This October at the CCEF Annual Conference I’ll share some reflections on a vexing question: What should you share with your spouse about sexual sin in your life? If you’ve ever confessed sexual sin to your spouse—and probably even if you haven’t—you understand how loaded this issue can be.
The good news is the answer is simple—or at least the basic principle is simple. You confess your sins and bring them “into the light” (1 John 1 will be our guiding passage). This forges and deepens fellowship. However, you confess in a way that “builds up” the hearer (Eph. 4:29), so that you are not dragging your spouse back through every detail of the sin. Taken together though, there can be significant tension. How do you drag something dark and ugly into the light without harming your spouse?
If October sounds far away, listen to David Powlison and Cecelia Bernhardt’s podcast about this topic from last year, titled How Specific Should I Be in Confessing Sin? A lot of our work at the conference will build on and flesh out the core ideas they discuss (and which I briefly summarize in the paragraph above).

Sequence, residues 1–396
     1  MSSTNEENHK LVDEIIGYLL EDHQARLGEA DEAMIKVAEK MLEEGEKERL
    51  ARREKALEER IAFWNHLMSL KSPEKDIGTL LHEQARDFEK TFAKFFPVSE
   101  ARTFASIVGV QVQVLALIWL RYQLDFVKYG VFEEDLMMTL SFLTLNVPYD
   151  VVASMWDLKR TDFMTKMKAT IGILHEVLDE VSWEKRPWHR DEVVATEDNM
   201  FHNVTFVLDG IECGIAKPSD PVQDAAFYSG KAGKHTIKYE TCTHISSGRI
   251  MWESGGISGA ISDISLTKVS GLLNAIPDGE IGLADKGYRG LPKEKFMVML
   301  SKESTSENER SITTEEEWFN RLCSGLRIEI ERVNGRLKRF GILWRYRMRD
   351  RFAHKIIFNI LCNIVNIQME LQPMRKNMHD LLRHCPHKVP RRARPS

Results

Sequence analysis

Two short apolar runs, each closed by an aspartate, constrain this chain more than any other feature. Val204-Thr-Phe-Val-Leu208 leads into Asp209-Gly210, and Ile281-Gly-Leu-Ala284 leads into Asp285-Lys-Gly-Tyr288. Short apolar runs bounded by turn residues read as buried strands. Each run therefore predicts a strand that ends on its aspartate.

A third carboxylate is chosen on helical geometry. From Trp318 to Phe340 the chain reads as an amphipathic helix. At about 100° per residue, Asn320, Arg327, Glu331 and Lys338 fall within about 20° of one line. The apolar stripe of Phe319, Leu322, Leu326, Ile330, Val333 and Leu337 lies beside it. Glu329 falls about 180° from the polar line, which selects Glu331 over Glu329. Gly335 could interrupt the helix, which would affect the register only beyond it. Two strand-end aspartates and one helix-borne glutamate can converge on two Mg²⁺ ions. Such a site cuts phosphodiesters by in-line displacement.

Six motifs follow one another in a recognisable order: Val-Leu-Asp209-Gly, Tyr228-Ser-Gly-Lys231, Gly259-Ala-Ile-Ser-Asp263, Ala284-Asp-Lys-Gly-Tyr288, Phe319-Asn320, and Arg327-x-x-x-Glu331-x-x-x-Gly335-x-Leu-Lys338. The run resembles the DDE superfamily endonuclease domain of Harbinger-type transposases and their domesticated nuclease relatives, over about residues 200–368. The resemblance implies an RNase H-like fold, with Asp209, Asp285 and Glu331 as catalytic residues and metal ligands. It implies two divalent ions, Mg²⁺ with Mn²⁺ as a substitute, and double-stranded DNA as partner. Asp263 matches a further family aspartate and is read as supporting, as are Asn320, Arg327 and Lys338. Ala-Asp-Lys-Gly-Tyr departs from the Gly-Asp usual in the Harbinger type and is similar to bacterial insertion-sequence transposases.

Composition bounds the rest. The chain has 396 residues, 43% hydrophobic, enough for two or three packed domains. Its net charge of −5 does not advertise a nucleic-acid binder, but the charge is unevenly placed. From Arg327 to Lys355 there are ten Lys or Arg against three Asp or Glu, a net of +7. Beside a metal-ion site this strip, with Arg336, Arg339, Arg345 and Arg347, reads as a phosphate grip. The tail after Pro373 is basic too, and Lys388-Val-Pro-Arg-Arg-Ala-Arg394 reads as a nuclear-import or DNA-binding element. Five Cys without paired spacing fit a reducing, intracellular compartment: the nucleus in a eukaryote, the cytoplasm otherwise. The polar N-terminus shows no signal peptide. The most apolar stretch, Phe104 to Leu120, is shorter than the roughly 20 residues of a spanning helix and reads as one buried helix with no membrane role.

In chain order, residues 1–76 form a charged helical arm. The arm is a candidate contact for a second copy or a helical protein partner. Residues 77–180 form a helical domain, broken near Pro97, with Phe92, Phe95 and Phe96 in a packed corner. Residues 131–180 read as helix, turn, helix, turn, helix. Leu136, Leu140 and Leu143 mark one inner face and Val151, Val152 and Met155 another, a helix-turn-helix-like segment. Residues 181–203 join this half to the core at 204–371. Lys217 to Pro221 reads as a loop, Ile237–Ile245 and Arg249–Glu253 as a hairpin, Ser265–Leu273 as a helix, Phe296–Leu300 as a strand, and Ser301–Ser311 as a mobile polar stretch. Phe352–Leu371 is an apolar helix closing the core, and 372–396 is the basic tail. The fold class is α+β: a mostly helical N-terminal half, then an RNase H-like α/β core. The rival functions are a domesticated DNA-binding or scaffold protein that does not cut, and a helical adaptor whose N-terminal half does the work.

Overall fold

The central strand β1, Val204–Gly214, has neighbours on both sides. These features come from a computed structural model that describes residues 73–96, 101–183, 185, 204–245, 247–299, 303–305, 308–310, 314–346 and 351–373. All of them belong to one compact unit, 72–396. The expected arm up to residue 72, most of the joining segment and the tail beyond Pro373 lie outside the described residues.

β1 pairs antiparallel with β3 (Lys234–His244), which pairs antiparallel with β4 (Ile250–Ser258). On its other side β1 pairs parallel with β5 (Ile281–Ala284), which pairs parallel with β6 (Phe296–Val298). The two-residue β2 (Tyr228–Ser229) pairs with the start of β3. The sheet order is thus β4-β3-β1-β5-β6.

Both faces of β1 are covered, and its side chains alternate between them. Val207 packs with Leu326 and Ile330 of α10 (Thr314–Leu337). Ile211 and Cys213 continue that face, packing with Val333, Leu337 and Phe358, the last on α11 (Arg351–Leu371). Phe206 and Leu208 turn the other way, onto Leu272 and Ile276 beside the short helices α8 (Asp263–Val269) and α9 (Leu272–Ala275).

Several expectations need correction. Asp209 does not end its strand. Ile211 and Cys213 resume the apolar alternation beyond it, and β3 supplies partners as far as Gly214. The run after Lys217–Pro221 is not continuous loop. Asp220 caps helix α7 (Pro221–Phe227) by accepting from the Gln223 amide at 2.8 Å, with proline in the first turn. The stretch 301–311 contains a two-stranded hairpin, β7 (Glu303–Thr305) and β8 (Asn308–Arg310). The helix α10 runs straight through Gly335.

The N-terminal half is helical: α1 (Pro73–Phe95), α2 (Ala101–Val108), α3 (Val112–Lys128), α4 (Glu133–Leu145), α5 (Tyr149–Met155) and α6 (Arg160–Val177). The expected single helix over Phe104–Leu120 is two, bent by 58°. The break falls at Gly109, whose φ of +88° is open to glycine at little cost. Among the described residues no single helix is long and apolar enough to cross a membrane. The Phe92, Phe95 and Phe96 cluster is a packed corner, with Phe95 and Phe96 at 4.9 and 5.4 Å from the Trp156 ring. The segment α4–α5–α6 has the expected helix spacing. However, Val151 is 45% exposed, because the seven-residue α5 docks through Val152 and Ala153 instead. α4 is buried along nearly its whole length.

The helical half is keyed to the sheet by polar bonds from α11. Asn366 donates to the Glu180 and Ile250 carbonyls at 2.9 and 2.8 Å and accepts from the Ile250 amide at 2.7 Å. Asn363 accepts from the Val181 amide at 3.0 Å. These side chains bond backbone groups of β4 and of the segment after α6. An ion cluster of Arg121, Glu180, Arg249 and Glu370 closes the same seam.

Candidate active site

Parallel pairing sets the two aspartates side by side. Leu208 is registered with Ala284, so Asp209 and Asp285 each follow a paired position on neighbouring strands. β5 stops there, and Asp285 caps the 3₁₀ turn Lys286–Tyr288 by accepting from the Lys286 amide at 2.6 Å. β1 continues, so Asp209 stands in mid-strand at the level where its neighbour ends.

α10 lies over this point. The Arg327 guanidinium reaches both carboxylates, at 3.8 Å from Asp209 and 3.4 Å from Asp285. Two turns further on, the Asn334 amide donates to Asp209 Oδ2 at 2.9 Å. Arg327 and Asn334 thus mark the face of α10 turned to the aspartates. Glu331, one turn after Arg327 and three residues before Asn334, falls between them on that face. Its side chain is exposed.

Here’s the basic outline of what we will cover:
a) Confess in a way that “builds up” the one you have harmed.
b) Receive a confession, even a painful one, in a way that gives grace (rather than sweeping the sin under the rug or retaliating).
c) Rebuild trust together after sexual sin has been brought into the light.
I’ll be talking primarily to married couples and couples who are thinking about getting married. But whether you are dating, have been married for 30 years, or do pre-marital or marital counseling, you’ll be sharpened by thinking through this issue. I know I have been.
My hope is that everyone will leave challenged by the call of our Lord to fully repent of and confess our sins (sexual and otherwise). But I want more than that. I want us to leave with hope that the secrets, shame and guilt we instinctively protect with darkness and silence are not the final word in the kingdom of light and freedom.